Men are dressing up – and retailers are benefiting – WWD

Love is in the air and men’s retailers are reaping the rewards.

Buoyed by the rising number of weddings and other special occasions, retailers expect last year’s strong sales to continue at least into the second half. Add to this the overhaul of the appropriate re-entry wardrobe and the future is looking bright – at least for now – for many menswear retailers.

Businesses like Target, Walmart, Macy’s, Nordstrom, and Kohl’s are being impacted by the broader economic issues facing American consumers — inflation, a looming recession, and high gas and food prices — exacerbated by overstocking, which is certain to be a problem lead to increased promotions in the second half, but optimism remains in menswear, particularly in stores that cater to higher-income shoppers.

While Macy’s last week reported weak second-quarter earnings and lowered its year-end guidance, Sam Archibald, the retailer’s apparel general business manager, said the company was “really pleased with the first-half results” across all apparel categories and “men’s” . was an outstanding actor. What’s driving this – and for the back half in the men’s space – is that there are so many carrying options for the male consumer. We’re seeing a lot of wardrobe diversity with this new fluid lifestyle at the office, on vacation and at home.”

Today’s men are looking for both convenient and trendy wardrobes for all those aspects of their lives, Archibald added, whether it’s tailored clothing, furniture or denim. “And they’re not separate consumers,” he said. “So it’s a very exciting time for menswear and the apparel industry in general.”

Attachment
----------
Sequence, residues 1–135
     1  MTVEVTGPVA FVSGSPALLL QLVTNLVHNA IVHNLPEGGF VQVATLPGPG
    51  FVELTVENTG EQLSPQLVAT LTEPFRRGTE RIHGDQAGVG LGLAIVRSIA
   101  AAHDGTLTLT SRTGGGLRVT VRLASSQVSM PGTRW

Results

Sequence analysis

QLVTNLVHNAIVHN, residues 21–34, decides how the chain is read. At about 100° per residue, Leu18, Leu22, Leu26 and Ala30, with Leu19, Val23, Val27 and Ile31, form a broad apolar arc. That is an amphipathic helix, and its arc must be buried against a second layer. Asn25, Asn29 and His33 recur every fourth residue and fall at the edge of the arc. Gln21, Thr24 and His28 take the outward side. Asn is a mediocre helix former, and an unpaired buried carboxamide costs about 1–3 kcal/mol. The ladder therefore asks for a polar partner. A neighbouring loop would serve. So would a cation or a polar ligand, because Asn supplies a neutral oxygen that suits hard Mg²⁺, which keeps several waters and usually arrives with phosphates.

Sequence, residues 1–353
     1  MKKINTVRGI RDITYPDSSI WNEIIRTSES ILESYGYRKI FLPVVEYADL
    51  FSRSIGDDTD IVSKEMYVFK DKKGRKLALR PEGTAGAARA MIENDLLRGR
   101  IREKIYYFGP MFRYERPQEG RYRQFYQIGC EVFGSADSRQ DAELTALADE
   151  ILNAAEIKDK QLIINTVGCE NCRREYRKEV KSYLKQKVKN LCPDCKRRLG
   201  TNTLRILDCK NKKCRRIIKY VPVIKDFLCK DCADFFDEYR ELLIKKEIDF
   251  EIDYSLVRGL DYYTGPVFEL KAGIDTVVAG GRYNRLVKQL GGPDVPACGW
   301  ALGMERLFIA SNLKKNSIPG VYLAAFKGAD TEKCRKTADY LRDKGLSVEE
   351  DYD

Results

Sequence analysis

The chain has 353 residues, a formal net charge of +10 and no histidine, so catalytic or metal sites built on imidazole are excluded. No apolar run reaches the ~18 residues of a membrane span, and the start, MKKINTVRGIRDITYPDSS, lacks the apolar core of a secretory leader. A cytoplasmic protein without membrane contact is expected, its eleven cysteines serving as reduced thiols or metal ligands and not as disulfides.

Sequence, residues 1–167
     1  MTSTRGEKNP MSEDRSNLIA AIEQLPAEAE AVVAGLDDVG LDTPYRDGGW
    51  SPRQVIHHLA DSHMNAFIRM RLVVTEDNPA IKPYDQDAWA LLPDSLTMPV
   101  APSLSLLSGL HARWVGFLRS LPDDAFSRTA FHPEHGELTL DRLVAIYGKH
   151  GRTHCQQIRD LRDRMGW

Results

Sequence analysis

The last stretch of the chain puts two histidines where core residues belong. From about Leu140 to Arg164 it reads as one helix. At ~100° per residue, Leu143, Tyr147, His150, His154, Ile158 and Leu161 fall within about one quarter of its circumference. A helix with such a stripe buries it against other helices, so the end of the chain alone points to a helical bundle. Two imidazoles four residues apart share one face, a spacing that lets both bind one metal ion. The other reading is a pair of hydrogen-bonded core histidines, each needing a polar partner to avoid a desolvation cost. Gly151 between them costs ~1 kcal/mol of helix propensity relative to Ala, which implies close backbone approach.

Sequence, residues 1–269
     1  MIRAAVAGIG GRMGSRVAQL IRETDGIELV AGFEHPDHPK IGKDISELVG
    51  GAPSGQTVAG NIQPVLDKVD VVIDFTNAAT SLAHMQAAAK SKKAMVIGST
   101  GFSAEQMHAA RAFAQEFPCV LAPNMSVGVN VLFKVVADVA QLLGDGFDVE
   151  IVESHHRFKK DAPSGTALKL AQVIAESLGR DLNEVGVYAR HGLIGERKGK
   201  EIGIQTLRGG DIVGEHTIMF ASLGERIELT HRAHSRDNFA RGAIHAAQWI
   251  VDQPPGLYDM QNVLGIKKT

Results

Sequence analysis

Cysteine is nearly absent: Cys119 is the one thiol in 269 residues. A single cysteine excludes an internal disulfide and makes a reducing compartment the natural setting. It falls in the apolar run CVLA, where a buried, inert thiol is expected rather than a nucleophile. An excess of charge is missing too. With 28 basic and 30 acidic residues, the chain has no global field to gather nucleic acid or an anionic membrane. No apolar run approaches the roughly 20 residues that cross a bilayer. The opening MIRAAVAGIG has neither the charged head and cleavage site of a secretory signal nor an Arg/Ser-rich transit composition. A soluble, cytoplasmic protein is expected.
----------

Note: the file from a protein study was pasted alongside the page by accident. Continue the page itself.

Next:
Macy’s benefits from men’s new varied wardrobes.

Macy’s is also seeing men rushing to update their wardrobes for the weddings, events and holiday parties they’re preparing for over the next few months, giving both the tailored clothing and tie categories a boost. “The peak of the wedding season is now, and then there’s the Christmas parties and get-togethers,” he said. “And we expect that to continue into the fall.”

And while Macy’s has had some “bumps in the road” when it comes to the supply chain, Archibald said those appear to have been resolved for the most part. “We took action to move forward and much of that is now behind us.”

As a result, he’s bullish for the rest of the year despite the retailer’s lowered guidance. “We serve a wide range of consumers and we feel really good about it [the future].”

“I’m very hopeful that people will continue to go out and go back to work in a hybrid fashion,” said Dana Katz, owner of Miltons, a three-piece men’s chain based in suburban Boston. Add to that holiday partying, which is expected to return in full force this year, and Katz expects the business to continue to surge for the remainder of 2022.